Universalism Vs Classical Economics

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Classical economics, which claims universality and progress for everyone, is a class biased from the start. Reflect on this statement.


There is a general notion that classical economics is being commonly considered to be the first modern school of economic thought. The major founders and contributors to the concept of classical economics include Adam Smith, Jean-Baptiste Say, David Ricardo, Thomas Malthus and John Stuart Mill. “The Wealth of Nations” written by Adam Smith in the year 1776 marks the commencement of the era of classical economics. Classical economists do stress for unregulated markets and claims that free markets will regulate themselves in absence of state intervention. Adam Smith introduces us to the term “invisible
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Economists are widely respected around in the society as they are believed to speak about certain vital issues with regard to economy, growth, employment and development which all have a scientific base. But still this widely accepted and valued knowledge and wisdom was based on a highly uncertain philosophy. It responded only to a certain class’ reaction to the uprising modern market mechanism. Classical economics is an economics whose commitment has always been to serve to the interest of a “specific” class. Yet we see that classical economics, which exhibits biasness, has been universalised as a scientifically proved path and it has been commonly agreed to be valid for all sections of the society in each and every situation that would guarantee progress for everyone. Economic ideas were developed by nurturing and putting together the earlier ideas of traditional western scientific rationalism. But still the ideas that were being developed using the traditional inputs doesn’t adhere to the real life situations and are not scientifically neutral. Classical economics was developed having a negative attitude towards the earlier feudal order, the landed aristocracy and the mercantilism. Whereas it had a positive and partial attitude towards the capitalist class. Being backed by the policy framework of the classical economists this new set of people labelled as the capitalists grew in volume and dominance. Profit…show more content…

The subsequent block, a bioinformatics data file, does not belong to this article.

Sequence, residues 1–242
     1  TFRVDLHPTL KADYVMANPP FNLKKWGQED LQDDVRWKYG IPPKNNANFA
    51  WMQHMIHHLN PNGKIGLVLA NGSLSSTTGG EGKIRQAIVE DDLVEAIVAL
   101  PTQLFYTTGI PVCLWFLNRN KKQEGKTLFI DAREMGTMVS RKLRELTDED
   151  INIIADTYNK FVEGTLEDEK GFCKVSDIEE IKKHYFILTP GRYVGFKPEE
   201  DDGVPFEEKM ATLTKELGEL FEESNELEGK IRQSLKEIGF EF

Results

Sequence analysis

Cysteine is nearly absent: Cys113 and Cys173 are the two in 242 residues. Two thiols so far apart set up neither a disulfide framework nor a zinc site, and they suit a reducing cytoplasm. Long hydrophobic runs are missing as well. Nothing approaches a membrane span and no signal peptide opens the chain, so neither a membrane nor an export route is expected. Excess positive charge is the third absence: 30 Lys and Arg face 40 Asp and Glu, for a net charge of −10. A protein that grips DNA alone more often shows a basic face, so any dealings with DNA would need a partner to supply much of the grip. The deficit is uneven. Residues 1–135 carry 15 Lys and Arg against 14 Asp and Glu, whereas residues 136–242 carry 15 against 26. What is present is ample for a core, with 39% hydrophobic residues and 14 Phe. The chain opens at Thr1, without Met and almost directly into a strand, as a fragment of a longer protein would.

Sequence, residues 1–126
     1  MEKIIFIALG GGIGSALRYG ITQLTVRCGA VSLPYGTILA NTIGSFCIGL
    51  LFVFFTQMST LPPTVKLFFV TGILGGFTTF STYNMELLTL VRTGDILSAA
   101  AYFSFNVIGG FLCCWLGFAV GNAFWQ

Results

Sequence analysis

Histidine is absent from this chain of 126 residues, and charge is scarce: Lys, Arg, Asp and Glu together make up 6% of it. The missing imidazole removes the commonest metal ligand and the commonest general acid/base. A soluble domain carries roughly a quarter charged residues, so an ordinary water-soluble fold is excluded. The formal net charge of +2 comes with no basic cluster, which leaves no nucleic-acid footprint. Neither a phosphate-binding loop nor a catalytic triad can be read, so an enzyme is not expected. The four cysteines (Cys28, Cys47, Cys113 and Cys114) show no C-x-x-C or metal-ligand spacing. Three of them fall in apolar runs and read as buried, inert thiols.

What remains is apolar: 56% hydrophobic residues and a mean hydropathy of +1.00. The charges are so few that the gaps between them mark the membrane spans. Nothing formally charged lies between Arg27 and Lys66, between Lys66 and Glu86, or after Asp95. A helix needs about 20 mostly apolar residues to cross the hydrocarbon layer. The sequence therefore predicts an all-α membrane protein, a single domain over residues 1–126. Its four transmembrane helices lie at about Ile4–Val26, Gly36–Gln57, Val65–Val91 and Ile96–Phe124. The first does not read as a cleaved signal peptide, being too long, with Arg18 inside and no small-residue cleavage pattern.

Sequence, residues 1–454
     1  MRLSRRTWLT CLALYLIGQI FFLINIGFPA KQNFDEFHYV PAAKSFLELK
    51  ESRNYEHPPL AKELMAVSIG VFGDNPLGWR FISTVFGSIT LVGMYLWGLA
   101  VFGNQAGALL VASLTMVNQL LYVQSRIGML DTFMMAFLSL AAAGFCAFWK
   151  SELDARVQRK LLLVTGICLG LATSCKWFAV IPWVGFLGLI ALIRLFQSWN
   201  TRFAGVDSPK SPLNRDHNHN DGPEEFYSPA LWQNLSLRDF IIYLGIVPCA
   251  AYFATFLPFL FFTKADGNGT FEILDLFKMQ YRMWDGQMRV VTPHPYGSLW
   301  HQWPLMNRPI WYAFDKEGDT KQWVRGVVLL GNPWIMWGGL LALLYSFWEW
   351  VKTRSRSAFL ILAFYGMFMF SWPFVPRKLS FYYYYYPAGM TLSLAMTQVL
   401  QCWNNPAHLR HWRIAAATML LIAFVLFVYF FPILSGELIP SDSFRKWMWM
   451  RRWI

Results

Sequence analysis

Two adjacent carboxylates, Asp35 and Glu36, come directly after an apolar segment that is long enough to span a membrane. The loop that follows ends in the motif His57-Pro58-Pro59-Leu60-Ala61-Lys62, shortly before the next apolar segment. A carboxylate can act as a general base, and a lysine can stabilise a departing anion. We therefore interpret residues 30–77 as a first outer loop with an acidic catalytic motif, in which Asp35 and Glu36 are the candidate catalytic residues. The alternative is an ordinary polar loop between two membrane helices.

He accepted Smith’s “labour theory of commodity”. He too agreed upon the point that capitalists were the agents of expanding the realm of the economic world as when capital generated in savings earned from the revenue would be used to invest in factory expansion and labour employment. Ricardo theory of free trade based on the concepts of comparative advantage was one of his important contributions to the classical economics. So the concept of classical economics hovers around the ideas of being “self –interested”, “rational” and competitive

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